Abu Dhabi, UAEWednesday 19 June 2019

New documentary District Zero looks at life inside a refugee camp

Oxfam and the European Union have joined forces to raise awareness about the day-to-day struggles of Syrian refugees in Jordan with the documentary film District Zero, which will be screened at the Expo Milano 2015 on Sunday.
The Zaatari refugee camp in Jordan, where the documentary District Zero was filmed. Pablo Tosco / Oxfam Intermon
The Zaatari refugee camp in Jordan, where the documentary District Zero was filmed. Pablo Tosco / Oxfam Intermon

Maamun Al Wadi is just one of almost four million Syrian refugees who have fled the country in what the United Nations describes as the worst crisis of its kind in a generation.

He runs a small mobile-phone shop in Jordan’s Zaatari refugee camp, repairing handsets, charging batteries and restoring the only connections its inhabitants still have with Syria.

Al Wadi is at the centre of Oxfam and the European Union’s upcoming documentary film District Zero. The title is a reference to the millions of people who have been displaced and are stuck in the limbo of the camp because of the war.

People from all over the camp come to his shop and it is through the contents of their smartphones that the audience sees how much their lives have changed: from their old familiar daily routines to the horrors of war, destruction and flight.

“Presenting a snapshot of the day-to-day life of a refugee, we aim to show that behind every number and statistic about the refugee problem, there is a story to be told,” says Pablo Tosco, from Cordoba, Argentina, who directed the film with Pablo Iraburu and Jorge Fernández.

The film was shot in March at the camp, 10 kilometres east of Mafraq, which with 81,000 refugees is the second-biggest in the world, according to the United Nations High Commissioner for Refugees. Crew members lived with refugees during filming.

“When you have the opportunity to live with refugees, you discover that they are like you, people with a normal life who one day were forced to flee their homes,” Tosco says. “This could happen to any of us any day. And it is impressive to discover what’s inside the smartphones of the Syrian refugees.”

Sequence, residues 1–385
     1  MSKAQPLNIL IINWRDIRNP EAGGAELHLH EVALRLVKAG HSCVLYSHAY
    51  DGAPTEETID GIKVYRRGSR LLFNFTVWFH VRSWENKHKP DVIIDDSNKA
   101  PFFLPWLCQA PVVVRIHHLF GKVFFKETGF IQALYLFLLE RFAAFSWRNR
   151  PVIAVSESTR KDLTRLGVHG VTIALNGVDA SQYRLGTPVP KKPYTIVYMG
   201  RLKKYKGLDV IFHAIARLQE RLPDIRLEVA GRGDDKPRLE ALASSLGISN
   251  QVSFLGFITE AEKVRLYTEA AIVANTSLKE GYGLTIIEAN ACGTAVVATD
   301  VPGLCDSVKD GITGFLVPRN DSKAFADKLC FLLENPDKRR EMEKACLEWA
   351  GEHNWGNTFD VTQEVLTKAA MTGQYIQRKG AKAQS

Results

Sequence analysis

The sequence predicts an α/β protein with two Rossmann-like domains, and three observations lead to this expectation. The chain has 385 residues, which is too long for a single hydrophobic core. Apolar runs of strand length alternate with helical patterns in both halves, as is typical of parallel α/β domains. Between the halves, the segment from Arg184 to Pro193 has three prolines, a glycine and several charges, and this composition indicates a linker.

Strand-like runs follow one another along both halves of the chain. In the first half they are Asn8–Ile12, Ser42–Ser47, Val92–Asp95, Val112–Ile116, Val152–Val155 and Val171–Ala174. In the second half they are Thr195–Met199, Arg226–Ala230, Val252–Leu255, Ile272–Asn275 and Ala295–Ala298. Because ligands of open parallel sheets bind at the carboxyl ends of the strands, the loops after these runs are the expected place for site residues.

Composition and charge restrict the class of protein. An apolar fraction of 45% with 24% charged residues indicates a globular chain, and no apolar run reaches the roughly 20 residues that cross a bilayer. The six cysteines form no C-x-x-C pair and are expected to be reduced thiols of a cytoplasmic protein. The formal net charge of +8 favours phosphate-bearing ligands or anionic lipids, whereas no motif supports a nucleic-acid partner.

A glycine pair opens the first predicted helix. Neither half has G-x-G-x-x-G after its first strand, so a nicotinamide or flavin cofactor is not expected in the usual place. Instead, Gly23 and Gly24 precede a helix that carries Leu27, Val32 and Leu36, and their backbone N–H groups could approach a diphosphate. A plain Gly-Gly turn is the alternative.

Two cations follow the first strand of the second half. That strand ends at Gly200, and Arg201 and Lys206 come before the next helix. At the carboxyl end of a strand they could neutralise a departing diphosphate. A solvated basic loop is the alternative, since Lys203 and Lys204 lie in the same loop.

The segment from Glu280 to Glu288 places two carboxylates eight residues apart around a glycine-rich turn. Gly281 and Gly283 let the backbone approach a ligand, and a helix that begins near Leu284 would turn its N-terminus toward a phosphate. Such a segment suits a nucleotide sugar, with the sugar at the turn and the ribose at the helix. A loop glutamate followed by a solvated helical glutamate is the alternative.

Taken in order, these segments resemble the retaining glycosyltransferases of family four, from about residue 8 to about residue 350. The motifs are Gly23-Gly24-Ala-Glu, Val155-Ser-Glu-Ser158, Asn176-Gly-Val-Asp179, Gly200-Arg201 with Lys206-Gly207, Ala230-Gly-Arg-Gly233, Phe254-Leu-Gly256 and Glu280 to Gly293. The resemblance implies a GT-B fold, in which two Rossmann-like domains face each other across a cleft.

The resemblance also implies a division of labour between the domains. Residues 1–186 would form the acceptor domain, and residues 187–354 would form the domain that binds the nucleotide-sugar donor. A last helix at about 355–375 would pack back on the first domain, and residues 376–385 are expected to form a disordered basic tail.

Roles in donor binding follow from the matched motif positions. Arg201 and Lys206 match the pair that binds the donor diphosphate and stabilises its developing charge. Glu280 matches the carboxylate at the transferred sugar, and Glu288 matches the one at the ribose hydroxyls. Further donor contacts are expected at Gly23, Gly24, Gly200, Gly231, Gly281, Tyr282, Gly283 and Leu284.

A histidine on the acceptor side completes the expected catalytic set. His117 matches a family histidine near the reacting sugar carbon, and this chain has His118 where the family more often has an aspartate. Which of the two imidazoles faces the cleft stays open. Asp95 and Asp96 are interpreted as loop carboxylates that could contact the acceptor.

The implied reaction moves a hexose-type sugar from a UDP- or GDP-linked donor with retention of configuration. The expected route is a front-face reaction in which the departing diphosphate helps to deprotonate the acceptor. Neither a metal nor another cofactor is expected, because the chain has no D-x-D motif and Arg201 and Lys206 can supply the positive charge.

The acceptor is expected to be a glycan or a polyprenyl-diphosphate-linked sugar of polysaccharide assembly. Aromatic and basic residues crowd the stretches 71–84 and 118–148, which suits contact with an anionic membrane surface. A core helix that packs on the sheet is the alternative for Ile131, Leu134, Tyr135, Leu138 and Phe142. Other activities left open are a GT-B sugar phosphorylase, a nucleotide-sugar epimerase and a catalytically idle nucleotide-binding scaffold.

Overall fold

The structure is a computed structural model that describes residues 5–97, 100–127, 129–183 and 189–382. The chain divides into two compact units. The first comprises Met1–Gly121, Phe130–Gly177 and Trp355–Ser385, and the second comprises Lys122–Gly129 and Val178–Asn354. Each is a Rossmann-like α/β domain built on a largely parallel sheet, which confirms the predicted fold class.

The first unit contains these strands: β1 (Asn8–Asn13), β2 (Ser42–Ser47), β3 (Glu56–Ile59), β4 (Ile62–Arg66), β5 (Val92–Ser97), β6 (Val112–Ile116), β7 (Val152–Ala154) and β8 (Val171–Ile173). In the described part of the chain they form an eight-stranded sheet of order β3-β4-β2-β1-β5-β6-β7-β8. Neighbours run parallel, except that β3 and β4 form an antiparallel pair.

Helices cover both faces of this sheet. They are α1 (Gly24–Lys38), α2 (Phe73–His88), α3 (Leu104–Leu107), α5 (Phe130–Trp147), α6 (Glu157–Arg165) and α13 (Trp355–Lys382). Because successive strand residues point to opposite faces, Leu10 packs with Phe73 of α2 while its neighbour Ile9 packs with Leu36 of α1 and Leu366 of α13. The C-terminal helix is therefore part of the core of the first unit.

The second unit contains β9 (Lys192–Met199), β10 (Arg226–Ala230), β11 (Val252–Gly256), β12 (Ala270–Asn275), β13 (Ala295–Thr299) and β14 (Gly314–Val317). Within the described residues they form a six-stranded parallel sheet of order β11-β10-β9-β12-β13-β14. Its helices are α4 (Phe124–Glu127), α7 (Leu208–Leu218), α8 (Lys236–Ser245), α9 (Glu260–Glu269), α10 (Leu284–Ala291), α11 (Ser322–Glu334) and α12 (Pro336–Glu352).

One of the most touching moments in the film comes when Al Wadi decides to buy a printer so the camp’s residents can print out copies of their photographs.

The documentary will be screened during the Expo Milano 2015 on Sunday, presented by Oxfam and Echo, the European Commission’s office for humanitarian aid and civil protection department. The official international premiere will follow at the San Sebastian Festival in Spain, which runs from September 18 to 27. It will then tour more than 50 film festivals around the world.

The film is part of Oxfam and Echo’s EUsaveLIVES – You Save Lives campaign to raise awareness of refugees and displaced people, not only in Syria but also in South Sudan and the Central African Republic.

In addition to the refugees who have fled the country, almost eight million people have been displaced inside Syria.

There are more than 59 million refugees and displaced people worldwide, according to last year’s UNHCR Global Trend report. Oxfam communication officer Laura Hurtado says that the charity is trying to make sure the documentary reaches as many people as possible.

“We have vigorously campaigned for the rights of all people affected by these crises, to ensure that their voices are heard, to deliver a strong humanitarian response and for governments around the world to use their influence to find a political solution to this crisis,” she says.

artslife@thenational.ae

Updated: August 30, 2015 04:00 AM

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